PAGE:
Diagnosis of Parkinson’s Disease

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The diagnosis continues to be clinical and, therefore, is based on the interview (anamnesis) and the physical examination. However, in some circumstances, such as unusual ages of presentation, the presence of tremor only with no other signs or symptoms, or other clinical abnormalities, complementary tests can help rule out other causes or diseases, and to confirm the diagnosis.

Blood collection tube

Blood tests. There is currently no blood test that can help diagnose Parkinson’s disease. However, in cases where tremor predominates, it is recommended to perform a thyroid profile in order to rule out thyroid disorders. It is also recommended in cases when the disease starts when the person is young, to determine copper metabolism to help rule out Wilson’s disease, which has a specific treatment.

Urine sample cup and urine test strip

Laboratory tests of other biological fluids. Currently, neither the analysis of urine, nor saliva, nor cerebrospinal fluid can diagnose the disease, but there are a multitude of experimental biomarkers, mainly in cerebrospinal fluid, that could be of diagnostic use in the future.

Magnetic Resonance Imaging or MRI machine

Structural Neuroimaging. If symptoms are atypical and, as is usually the case at onset, occur on only one side, a structural imaging test (CT scan or MRI) can be carried out to rule out structural lesions in one cerebral hemisphere, explaining symptoms limited to the opposite side of the body and ruling out other structural alterations (vascular lesions, hydrocephalus) that may occur with parkinsonism.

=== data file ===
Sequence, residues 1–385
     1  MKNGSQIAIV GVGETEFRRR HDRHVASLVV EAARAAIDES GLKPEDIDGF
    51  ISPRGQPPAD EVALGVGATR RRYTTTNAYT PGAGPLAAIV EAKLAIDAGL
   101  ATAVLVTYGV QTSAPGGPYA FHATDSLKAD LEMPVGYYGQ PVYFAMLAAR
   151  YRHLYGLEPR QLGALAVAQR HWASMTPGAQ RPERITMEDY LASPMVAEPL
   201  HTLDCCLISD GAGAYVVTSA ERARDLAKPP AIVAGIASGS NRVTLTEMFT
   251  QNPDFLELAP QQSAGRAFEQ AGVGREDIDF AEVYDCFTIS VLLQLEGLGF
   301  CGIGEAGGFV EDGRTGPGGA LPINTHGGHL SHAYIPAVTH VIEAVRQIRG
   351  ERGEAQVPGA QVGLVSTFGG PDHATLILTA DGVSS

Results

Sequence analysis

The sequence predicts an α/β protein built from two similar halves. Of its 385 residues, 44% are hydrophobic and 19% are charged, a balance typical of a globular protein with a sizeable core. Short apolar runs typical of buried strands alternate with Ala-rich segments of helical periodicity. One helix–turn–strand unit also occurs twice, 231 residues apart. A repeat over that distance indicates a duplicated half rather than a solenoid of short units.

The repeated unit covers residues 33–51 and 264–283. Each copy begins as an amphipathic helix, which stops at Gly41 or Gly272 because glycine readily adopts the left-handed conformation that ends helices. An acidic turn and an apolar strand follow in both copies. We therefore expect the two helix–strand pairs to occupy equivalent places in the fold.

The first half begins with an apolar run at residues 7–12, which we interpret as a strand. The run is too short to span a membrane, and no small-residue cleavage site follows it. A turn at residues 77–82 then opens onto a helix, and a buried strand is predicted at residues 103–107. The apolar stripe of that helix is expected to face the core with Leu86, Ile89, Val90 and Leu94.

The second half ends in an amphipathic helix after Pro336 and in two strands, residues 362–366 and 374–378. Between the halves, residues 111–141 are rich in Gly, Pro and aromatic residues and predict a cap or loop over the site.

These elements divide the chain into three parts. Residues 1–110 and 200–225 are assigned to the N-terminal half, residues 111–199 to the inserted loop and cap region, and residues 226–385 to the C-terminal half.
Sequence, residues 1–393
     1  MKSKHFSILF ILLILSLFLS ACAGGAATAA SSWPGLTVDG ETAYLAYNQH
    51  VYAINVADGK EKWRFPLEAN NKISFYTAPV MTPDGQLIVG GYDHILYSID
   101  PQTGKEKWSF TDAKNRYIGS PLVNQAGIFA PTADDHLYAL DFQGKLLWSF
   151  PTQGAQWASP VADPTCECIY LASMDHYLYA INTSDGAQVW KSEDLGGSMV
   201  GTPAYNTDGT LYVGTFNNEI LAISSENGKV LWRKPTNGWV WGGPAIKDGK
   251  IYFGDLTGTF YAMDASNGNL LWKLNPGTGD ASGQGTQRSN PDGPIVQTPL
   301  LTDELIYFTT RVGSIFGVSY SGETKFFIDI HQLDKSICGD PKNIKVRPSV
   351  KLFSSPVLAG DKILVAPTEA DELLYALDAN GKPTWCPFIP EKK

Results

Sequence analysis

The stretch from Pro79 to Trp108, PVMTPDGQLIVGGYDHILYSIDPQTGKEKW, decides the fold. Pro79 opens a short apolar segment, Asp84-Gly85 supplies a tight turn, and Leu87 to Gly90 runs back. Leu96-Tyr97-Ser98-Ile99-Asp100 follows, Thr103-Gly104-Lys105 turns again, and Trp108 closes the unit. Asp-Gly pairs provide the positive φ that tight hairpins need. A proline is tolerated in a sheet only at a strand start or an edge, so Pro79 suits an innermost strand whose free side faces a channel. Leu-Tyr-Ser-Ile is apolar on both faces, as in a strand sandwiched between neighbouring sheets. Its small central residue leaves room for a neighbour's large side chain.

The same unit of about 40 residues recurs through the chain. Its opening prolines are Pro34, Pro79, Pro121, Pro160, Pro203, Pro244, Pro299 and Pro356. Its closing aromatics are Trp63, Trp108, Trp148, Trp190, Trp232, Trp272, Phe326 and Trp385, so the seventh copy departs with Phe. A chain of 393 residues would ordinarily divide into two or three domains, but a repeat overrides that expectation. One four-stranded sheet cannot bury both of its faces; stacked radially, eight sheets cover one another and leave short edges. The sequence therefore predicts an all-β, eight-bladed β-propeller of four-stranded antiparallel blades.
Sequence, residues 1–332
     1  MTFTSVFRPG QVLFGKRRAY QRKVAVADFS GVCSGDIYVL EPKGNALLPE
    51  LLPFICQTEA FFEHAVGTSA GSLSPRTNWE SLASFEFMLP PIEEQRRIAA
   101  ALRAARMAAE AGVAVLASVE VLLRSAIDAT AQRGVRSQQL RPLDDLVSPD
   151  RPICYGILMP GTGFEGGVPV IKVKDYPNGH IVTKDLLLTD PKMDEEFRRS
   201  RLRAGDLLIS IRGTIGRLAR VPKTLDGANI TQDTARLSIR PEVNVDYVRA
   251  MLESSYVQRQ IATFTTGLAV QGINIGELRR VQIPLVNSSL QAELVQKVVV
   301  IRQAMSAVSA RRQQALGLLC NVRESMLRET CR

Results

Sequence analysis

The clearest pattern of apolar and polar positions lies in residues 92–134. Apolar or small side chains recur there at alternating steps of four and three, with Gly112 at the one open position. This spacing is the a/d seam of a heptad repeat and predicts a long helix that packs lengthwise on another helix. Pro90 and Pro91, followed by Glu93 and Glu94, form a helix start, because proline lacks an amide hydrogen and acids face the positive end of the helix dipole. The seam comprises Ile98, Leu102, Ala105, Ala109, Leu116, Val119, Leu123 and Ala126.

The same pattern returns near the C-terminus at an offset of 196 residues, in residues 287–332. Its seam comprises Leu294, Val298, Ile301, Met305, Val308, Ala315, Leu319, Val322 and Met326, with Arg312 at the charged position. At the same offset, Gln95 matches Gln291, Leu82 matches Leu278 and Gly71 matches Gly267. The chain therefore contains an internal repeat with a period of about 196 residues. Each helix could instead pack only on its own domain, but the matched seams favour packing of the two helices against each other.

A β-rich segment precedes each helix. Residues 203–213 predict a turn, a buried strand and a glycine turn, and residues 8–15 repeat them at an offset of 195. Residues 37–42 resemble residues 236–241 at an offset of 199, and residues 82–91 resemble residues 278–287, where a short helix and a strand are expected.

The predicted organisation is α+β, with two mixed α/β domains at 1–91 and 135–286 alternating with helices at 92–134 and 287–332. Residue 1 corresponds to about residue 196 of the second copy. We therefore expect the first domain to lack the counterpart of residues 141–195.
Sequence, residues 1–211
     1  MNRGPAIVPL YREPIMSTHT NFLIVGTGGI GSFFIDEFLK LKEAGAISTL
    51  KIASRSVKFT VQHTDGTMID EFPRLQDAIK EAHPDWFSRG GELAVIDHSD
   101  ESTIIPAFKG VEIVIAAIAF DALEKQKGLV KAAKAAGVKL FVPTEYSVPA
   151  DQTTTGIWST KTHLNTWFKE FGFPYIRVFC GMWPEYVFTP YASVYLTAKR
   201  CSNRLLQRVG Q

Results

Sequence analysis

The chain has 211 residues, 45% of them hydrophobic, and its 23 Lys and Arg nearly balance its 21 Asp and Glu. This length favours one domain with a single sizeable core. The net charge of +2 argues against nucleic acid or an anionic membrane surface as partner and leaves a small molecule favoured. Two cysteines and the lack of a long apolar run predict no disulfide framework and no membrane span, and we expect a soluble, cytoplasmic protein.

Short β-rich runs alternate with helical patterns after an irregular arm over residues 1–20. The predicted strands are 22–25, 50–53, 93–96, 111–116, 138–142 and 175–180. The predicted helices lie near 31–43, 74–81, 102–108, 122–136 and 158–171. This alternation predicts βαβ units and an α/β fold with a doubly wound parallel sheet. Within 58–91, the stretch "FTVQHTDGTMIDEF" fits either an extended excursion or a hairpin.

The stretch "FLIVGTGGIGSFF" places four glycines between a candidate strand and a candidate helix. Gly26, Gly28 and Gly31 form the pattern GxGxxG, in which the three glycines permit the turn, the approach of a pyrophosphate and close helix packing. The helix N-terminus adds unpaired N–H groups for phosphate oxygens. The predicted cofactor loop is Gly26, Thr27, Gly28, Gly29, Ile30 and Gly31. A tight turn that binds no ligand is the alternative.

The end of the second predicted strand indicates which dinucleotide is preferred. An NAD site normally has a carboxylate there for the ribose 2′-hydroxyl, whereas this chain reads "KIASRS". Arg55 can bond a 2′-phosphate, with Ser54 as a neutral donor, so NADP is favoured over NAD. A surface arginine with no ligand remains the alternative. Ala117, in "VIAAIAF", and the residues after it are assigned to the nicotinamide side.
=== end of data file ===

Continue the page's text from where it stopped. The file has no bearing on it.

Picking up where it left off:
Functional neuroimaging

Functional neuroimaging. Single photon emission computed tomography (SPECT) imaging of dopamine transporter is available in order to determine the reduction in the amount of dopamine in the striate (part of the basal ganglia that receives the dopamine of the black substance), as an indirect measurement of the decrease of dopamine in the black substance. It is not a specific diagnostic test of Parkinson’s disease, since it is altered by any neurodegenerative type Parkinsonism. It should be reserved for cases in which it may be used to make a differential diagnosis between Parkinson’s disease and secondary non-degenerative type Parkinsonism (vascular, pharmacological), or essential tremor. In cases in which the Parkinsonism is associated with significant cognitive impairment and there is a doubt between dementia of Parkinson’s disease and Alzheimer’s disease, an altered SPECT of dopamine transporter confirms the possibility of Parkinson’s dementia.

Substantiated information by:

Almudena Sánchez Gómez
Ana Cámara Lorenzo
Maria José Martí
Yaroslau Compta Hirnyj

Published: 8 July 2019
Updated: 14 November 2019

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